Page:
Recently there has been an appearance of several vegetable and seed oil companies that have been asserting that seed oils have less saturated fat than olive oil, suggesting that these oils are healthier choices compared with olive oil.
One of the main points they make is that olive oil has double the amount of saturated fat than other seed or vegetable oils. They continue by claiming that by switching to the seed or vegetable oil you can cut your intake of saturated fat drastically. This is problematic for two reasons:
1. The main sources of saturated fat obviously do not come from olive oil, which is 75 percent monounsaturated fat (known as the good fat). According to NHANES (National Health and Nutrition Examination Survey) data, olive oil is not even in the 25 top sources of saturated fat for Americans contributing less than one percent of saturated fat, (it was not even on the list).
The top ten sources of saturated fat in the American diet are: cheese, pizza, grain based desserts, dairy desserts, chicken and chicken mixed dishes, sausage, franks, bacon, and ribs, burgers, Mexican mixed dishes, beef and beef mixed dishes, and reduced fat milk. Therefore, the argument of switching from olive oil to seed oil in order to reduce saturated fat intake is a weak one and deceiving, considering the main sources of saturated fat are basically junk food.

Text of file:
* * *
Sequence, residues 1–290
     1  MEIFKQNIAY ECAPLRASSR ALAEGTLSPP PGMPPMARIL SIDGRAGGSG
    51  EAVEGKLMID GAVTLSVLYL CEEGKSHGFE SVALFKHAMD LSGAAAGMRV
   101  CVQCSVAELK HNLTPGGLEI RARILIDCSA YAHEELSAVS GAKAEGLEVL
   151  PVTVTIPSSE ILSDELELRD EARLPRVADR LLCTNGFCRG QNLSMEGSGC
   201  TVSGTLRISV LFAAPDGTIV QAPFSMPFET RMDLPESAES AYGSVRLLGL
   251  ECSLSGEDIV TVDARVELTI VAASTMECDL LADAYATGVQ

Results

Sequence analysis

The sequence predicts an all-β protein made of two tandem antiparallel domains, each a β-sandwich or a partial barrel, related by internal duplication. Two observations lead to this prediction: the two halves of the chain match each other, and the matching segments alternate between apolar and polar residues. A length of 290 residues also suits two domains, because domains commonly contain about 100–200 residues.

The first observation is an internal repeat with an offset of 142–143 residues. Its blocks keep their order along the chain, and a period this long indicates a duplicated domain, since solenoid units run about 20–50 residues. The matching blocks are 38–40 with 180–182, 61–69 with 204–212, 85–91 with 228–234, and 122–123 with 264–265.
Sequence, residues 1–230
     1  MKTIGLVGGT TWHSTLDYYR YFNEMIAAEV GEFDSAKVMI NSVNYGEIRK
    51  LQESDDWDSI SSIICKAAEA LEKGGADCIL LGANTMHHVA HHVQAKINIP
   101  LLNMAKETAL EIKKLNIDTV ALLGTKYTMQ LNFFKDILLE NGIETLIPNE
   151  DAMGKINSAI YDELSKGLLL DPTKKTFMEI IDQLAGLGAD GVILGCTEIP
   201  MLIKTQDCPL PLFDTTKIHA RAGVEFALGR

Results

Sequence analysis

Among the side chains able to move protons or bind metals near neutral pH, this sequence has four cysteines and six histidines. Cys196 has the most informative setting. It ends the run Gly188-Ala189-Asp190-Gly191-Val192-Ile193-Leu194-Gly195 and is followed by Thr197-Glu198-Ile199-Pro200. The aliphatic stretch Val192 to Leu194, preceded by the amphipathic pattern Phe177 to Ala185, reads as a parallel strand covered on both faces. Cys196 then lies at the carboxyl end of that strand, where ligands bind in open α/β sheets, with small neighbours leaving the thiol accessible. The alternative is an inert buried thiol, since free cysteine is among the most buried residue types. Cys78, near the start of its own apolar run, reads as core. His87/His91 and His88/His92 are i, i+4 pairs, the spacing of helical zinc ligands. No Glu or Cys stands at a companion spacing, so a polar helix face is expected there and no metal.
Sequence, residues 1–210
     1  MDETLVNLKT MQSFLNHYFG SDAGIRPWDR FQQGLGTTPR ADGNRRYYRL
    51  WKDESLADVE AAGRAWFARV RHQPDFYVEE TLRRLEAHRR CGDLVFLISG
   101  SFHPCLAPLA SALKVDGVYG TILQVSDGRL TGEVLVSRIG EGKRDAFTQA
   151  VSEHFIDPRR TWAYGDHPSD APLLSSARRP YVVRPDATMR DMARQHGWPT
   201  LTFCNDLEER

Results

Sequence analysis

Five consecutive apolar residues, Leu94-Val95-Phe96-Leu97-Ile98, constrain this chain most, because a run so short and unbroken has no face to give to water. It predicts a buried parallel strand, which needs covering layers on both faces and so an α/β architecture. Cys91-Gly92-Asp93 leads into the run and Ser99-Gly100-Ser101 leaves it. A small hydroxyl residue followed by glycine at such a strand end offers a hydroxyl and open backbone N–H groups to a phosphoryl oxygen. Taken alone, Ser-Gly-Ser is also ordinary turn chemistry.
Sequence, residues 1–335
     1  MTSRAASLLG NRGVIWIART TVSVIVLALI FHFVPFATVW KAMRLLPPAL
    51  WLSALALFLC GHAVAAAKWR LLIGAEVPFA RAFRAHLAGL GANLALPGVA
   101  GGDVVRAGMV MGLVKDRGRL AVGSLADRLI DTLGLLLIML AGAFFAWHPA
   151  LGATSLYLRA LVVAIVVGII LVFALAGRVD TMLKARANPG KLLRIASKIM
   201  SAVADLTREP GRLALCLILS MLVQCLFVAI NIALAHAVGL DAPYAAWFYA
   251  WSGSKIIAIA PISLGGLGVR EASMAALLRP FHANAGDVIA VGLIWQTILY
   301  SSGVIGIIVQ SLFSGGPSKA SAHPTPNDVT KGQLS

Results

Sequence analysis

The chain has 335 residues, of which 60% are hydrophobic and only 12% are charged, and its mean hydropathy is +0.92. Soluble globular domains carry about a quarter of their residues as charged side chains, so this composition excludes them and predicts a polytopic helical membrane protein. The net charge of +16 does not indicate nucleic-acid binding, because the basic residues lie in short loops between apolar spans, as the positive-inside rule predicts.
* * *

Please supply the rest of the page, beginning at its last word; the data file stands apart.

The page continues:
If one wishes to reduce saturated fat intake, it would be much more effective to cut down on cheese, pizza, desserts and other foods.
2. Saying that olive oil has more saturated fat than a seed oil, and is therefore healthier, is simplistic and simply not true. Olive oil is high in monounsaturated fats and low in the polyunsaturated fats associated with inflammation that Americans and other westernized nations are already getting too much of in processed foods.
What they do not say when they make this claim is that extra virgin olive oil has several other substances, mainly polyphenols, that are responsible for the multitude of benefits. These polyphenols are not present in other vegetable and seed oils, and that means that they do not have any of the health benefits associated with olive oil.